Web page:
Review: Two Worlds 2: Castle Defense

4 mins read

It’s funny how it works, isn’t it? Two Worlds and its sequel are very much B-grade games. Not necessarily bad, but lacking the refinement of an Elder Scrolls game. But use the franchise as the basis for a tower defense game and you end up with an awesome production – arguably the most involved tower defense game ever. It’s priced to match, but as a premium game, this is a must have for strategy fans.

‘Mere’ tower defence? I don’t think so!

I’m not usually a fan of calling tower defense games ‘strategy games’ – it’s like calling a Dynasty Warriors game an RPG. But Two Worlds 2: Castle Defense is a strategy game at heart. While you buy units in predetermined places on a map like you would build towers in a regular tower defence game, the speed and fluidity in which the action is paced, coupled with the fact that the units can be damaged and are free to roam around finding enemies to fight means the game plays more like a casual strategy game. There’s little direct control over those units other than for upgrades and to spend a few coin for an instant-heal, but in no way is this game as static as most in its genre.

The next thing that separates this game from others in the genre is the sheer mass of units and enemies available. There are six units you yourself get to control, and literally dozens of enemies. This means fine tuning a successful strategy takes more work than other tower defense games. It’s also more rewarding when you see swarms of enemies crash into the impenetrable flesh wall you’ve constructed.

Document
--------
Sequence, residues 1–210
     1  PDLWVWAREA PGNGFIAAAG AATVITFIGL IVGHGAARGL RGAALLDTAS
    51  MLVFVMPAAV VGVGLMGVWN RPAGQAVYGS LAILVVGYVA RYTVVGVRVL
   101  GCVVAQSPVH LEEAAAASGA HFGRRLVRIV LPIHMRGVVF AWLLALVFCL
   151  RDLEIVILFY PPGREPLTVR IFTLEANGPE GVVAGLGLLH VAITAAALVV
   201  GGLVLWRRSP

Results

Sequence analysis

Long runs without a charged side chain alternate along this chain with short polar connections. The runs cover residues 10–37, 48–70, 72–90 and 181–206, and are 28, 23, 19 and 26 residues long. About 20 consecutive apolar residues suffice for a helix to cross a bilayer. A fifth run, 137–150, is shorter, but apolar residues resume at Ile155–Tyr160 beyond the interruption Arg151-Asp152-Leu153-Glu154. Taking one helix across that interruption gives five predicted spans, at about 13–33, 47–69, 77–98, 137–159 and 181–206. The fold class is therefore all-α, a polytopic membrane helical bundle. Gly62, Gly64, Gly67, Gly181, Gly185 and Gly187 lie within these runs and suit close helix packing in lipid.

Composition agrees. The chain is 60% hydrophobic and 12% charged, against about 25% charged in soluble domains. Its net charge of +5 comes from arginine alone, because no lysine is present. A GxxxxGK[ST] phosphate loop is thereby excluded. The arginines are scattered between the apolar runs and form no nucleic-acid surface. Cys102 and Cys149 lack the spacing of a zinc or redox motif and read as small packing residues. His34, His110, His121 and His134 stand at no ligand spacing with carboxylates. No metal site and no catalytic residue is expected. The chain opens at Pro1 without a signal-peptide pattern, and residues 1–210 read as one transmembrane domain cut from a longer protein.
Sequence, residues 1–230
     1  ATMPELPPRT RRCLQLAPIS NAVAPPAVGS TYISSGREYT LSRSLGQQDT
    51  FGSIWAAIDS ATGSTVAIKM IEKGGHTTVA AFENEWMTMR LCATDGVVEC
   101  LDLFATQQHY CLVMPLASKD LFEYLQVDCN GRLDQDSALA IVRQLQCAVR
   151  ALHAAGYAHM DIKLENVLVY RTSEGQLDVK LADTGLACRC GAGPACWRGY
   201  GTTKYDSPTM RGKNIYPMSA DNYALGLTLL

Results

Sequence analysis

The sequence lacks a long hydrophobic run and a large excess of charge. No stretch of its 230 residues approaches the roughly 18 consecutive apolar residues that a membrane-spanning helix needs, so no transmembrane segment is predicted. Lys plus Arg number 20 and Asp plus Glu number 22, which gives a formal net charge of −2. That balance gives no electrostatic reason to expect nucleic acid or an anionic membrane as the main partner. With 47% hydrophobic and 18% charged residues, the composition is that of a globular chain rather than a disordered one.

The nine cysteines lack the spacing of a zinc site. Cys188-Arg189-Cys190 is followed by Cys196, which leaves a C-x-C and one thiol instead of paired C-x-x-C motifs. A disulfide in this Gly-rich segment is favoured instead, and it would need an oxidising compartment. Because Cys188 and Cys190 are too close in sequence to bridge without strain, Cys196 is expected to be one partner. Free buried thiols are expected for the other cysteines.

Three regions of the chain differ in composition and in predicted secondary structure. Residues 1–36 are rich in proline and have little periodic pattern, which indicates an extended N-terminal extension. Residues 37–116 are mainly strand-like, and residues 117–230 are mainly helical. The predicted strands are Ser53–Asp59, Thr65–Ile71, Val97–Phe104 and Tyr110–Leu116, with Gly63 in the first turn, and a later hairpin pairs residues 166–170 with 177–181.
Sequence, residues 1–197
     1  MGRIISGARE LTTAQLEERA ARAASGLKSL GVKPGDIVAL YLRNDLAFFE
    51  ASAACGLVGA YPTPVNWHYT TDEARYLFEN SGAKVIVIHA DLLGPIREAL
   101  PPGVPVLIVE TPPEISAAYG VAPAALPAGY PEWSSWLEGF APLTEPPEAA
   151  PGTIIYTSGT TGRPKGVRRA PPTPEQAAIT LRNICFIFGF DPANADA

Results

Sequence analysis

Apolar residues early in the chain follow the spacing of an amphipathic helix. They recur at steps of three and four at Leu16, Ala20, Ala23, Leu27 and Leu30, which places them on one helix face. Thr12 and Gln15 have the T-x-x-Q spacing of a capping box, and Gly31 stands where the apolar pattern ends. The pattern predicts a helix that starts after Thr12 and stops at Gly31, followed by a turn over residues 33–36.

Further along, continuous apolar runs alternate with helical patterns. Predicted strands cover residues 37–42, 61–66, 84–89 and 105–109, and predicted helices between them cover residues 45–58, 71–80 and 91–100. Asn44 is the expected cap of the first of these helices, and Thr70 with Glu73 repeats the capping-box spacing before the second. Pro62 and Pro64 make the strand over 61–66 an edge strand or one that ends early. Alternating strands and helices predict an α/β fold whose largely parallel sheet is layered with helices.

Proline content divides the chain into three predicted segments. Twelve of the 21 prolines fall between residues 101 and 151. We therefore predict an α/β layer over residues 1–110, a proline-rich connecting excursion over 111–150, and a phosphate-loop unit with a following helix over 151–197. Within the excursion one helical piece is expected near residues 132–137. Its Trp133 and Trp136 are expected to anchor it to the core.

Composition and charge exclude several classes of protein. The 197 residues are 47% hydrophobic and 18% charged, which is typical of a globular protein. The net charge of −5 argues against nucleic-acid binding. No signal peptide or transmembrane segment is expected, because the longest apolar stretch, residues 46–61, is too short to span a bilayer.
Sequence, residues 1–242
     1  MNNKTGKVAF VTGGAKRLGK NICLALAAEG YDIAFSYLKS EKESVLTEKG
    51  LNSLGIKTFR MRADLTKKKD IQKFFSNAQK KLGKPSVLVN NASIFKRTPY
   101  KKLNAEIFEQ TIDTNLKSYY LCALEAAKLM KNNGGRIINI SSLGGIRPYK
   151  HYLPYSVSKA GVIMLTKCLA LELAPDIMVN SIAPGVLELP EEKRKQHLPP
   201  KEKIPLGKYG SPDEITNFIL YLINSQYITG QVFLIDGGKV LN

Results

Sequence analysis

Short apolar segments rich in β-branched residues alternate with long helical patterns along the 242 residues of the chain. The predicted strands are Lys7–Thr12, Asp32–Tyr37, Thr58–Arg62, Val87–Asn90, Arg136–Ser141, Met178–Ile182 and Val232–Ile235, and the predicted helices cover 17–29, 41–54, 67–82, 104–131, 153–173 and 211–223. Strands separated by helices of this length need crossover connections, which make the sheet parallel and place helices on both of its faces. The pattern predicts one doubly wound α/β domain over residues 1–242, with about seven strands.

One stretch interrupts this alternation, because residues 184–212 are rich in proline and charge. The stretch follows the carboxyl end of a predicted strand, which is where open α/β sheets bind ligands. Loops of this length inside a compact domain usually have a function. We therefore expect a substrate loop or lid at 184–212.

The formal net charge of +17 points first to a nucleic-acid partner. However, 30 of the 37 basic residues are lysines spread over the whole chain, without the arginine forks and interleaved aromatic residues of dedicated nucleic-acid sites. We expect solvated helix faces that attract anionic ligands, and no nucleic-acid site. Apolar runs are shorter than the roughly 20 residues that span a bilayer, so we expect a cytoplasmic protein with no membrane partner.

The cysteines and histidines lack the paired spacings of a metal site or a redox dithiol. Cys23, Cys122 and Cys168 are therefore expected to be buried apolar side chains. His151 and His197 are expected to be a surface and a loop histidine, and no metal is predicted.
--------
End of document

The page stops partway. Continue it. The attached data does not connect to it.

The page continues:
This game is gorgeous on the eyes
And in keeping in tone with the RPG ‘main’ games, Castle Defense is both dark, and visceral. The violence done has real impact, even if you aren’t directly controlling the fighters, there’s plenty of gore and maps are dripping with atmosphers.
See, the game features some stellar production values, in keeping with that premium theme. The visuals animation, sound effects and music all show us that the tower defence genre can be taken seriously – that it’s not just for those cheap and quick $$$s or as a university project.
And like most good tower defense games, it’s no cakewalk
There’s even a plot, although only people who have played the other Two Worlds RPGs are going to care about this. That said, it is nice to play a properly-featured tower defense game.
I end up playing a lot of these – not necessarily out of choice, but simply because they’re usually easy and cheap games to make. But Two Worlds 2: Castle Defense surprised me – in fact, it’s a better game than the “main” titles in the series. This one sits at the top of the pack in its genre, with great action, great presentation and plenty of meat. You’re going to pay a premium for it, but if there is only one tower defense game you get, seriously consider this one. 

This is the bio under which all legacy articles are published (as in the 12,000-odd, before we moved to the new Website and platform). This is not a member of the DDNet Team. Please see the article's text for byline attribution.

Previous Story

Hands On: Shadows of the Damned (including video)

Next Story

Review: Steel Storm: Burning Retribution (PC)

Latest Articles